Choosing to cull a chicken from your flock is
seldom an easy decision, but without careful culling your flock will
end up full of non-productive birds. Some chicken-keepers
simplify matters by starting a new batch of laying hens each year and
killing their two year old hens once the younger birds begin to lay,
while other people go to the other extreme and keep every chicken until
they die of old age. I stick to a middle of the road approach,
but lean a bit more toward the latter method than I should if I wanted
the optimal laying flock.
In my experience, a few birds should always be
culled immediately. A rooster which is aggressive toward its
keepers should always go in the pot. On the other hand, if your
rooster overmates your hens, chances are the fault is yours — check
out my tips on the optimal
rooster to hen ratio and decide whether you can change your system
and keep this rooster.
A sick or injured
chicken should be separated from the flock for up to a week to allow
her time to heal without being picked on by her sisters. If she’s
unable to regain full health, you’re going to either have to keep her
in isolation for the rest of her life (which is cruel to social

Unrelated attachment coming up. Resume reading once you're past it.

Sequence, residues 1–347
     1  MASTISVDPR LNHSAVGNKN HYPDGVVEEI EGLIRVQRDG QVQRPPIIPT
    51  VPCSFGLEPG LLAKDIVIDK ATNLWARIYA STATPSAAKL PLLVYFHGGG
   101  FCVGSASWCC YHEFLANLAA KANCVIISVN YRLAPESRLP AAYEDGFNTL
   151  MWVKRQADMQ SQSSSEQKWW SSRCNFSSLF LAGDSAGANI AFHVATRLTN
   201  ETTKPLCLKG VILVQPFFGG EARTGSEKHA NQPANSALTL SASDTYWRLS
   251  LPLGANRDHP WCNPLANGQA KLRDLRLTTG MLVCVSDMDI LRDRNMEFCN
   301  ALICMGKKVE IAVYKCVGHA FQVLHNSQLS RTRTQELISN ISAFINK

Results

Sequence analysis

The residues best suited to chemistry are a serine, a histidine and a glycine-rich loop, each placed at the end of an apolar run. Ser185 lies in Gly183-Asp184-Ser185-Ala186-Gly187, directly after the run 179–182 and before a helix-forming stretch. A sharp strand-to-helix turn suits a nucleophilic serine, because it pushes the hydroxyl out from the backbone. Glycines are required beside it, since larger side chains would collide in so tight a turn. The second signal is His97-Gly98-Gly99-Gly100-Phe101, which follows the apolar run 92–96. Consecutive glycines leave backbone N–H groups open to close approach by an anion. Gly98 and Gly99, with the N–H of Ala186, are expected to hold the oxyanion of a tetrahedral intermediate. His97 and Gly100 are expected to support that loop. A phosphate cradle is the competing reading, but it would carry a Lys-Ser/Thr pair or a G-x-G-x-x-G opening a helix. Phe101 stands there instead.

chickens) or cull the injured chicken. Chickens naturally pick on
birds that aren’t quite up to par, and I believe that it’s kinder to
put a chicken out of her misery than to return her to the flock for
Older hens who aren’t
laying much are a trickier topic. Even though egg production
begins to decline after a chicken’s first year of laying, we find it
worthwhile to keep our best hens around for a few more years.
During the summer, good egg layers will nearly match their younger
sisters, and we can afford to let them take the winters off in order to
keep their optimal genes and good foraging behavior in circulation
through our flock.
What if you think that one or two hens in your
flock aren’t pulling their weight but aren’t quite sure which ones they
are? First, make sure that your flock’s not molting
— during the molt, chickens naturally stop laying, so you shouldn’t
make any hasty decisions on their future during this time period.
If it’s spring or summer, though, you can test to see if individual
hens are slacking off by putting each one in a chicken tractor where
you can monitor her individual egg production for a week or two.
Rotating your flock through the tractor will often be enough to pick
out which hen or hens are falling down on the job. It’s worth
trying to perk your troubled chicken up with exra protein, calcium, and
greenery for a few more weeks before signing her death warrant —
again, the problem could be your fault and easily fixed.
My last piece of advice
is — once you’ve made the decision, don’t procrastinate. We had
a loner chicken waiting for the guillotine for months, and every
morning I’ve spent time feeding her even though she wasn’t producing
any eggs. It took us less than an hour to set up our
chicken-killing station and get it done, which will save me time and
lower our feed costs all winter. Plus, it just feels good knowing
that every member of our flock has a use and is working hard.
waterer on hand
makes it simple to isolate a problem hen.